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Data from: Price equations for understanding the response of ecosystem function to community change

Cite this dataset

Genung, Mark (2022). Data from: Price equations for understanding the response of ecosystem function to community change [Dataset]. Dryad.


Biodiversity-ecosystem function research in natural ecosystems would benefit from new theoretical and analytical tools that match common characteristics of observational community data. To this end, we developed a novel, abundance-based version of the ecological Price equation in both discrete and continuous forms. As part of the presentation of this new method, we conducted two demonstration analyses.

The first analysis focuses on pollination of watermelon by wild bees. We net-collected wild pollinator specimens from standard areas of flowering watermelon crop at 16 replicated farms in 2012. We also measured how many pollen grains each bee species deposited per visit. These per-visit pollen deposition rates were estimated as a genus-level property, as is common for landscape pollination studies. To determine total pollination for each bee species at each site, we multiplied pollinator visitation rates and per-visit pollen deposition. The attached data includes site by species matrices for the abundance (watermelon_com.csv) and per-capita pollen deposition (watermelon_fun.csv) of bee species.

The second analysis focuses on changes in total community biomass of stream invertebrates collected from 25 sites along a strong, continuous pollution gradient. These data were previously published by Pomeranz et al. (2019), accessible at the Dryad link given below. Specimens were individually measured and assigned to one of six functional groups. Finer taxonomic resolution is available in the original study, but we use functional groups here to get enough data to effectively model. The attached data includes site by functional group matrices for the abundance (stream_inverts.csv) and per-capita biomass (stream_invert_size.csv) of stream invertebrate functional groups, and a third .csv which describes the level of pollution at each site (steam_data.csv).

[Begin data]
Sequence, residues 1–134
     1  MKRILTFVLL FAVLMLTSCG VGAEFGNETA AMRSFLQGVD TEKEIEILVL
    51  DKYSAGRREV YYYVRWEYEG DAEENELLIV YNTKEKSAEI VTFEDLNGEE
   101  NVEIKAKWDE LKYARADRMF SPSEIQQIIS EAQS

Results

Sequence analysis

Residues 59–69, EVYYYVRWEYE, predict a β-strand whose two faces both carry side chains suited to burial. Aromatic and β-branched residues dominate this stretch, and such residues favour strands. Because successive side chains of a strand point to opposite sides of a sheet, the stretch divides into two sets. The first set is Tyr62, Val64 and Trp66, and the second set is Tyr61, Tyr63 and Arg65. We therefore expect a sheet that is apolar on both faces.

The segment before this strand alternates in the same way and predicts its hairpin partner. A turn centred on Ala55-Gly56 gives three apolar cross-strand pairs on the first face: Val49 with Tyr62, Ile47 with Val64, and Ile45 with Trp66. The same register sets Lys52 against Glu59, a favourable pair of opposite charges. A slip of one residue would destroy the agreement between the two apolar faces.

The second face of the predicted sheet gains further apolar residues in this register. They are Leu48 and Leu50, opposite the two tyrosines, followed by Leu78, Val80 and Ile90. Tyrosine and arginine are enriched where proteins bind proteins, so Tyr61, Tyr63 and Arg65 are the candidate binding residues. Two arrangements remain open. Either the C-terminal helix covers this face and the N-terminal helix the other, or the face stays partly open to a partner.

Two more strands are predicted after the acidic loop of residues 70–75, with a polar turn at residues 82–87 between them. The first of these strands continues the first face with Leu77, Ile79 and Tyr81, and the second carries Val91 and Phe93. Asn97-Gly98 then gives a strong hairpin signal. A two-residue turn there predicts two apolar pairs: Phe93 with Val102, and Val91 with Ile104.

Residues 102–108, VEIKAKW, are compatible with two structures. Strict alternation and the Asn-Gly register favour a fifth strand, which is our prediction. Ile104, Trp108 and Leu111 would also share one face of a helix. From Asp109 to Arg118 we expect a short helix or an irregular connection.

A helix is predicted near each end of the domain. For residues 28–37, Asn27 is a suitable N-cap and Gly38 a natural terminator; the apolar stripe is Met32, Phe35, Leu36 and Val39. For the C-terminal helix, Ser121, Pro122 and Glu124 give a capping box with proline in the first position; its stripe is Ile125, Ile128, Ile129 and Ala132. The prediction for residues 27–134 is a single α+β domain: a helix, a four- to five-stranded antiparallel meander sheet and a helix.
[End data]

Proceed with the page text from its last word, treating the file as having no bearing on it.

The code is a single R code file which produces the results and figures found in the manuscript. We have also included a README and several .csv files (those described above) that need to be read in.

These data may be useful for other analyses of variation in ecosystem function across sites. We stress that the stream invertebrate data were collected by Pomeranz et al. (2019) and they should be cited for any use those data. The relevant link to access their data is:


No new data collection. See the main manuscript for details of where data were obtained.

Usage notes

Using the code and data should be mostly self-explanatory. Please contact the author if needed.


National Science Foundation, Award: 1915938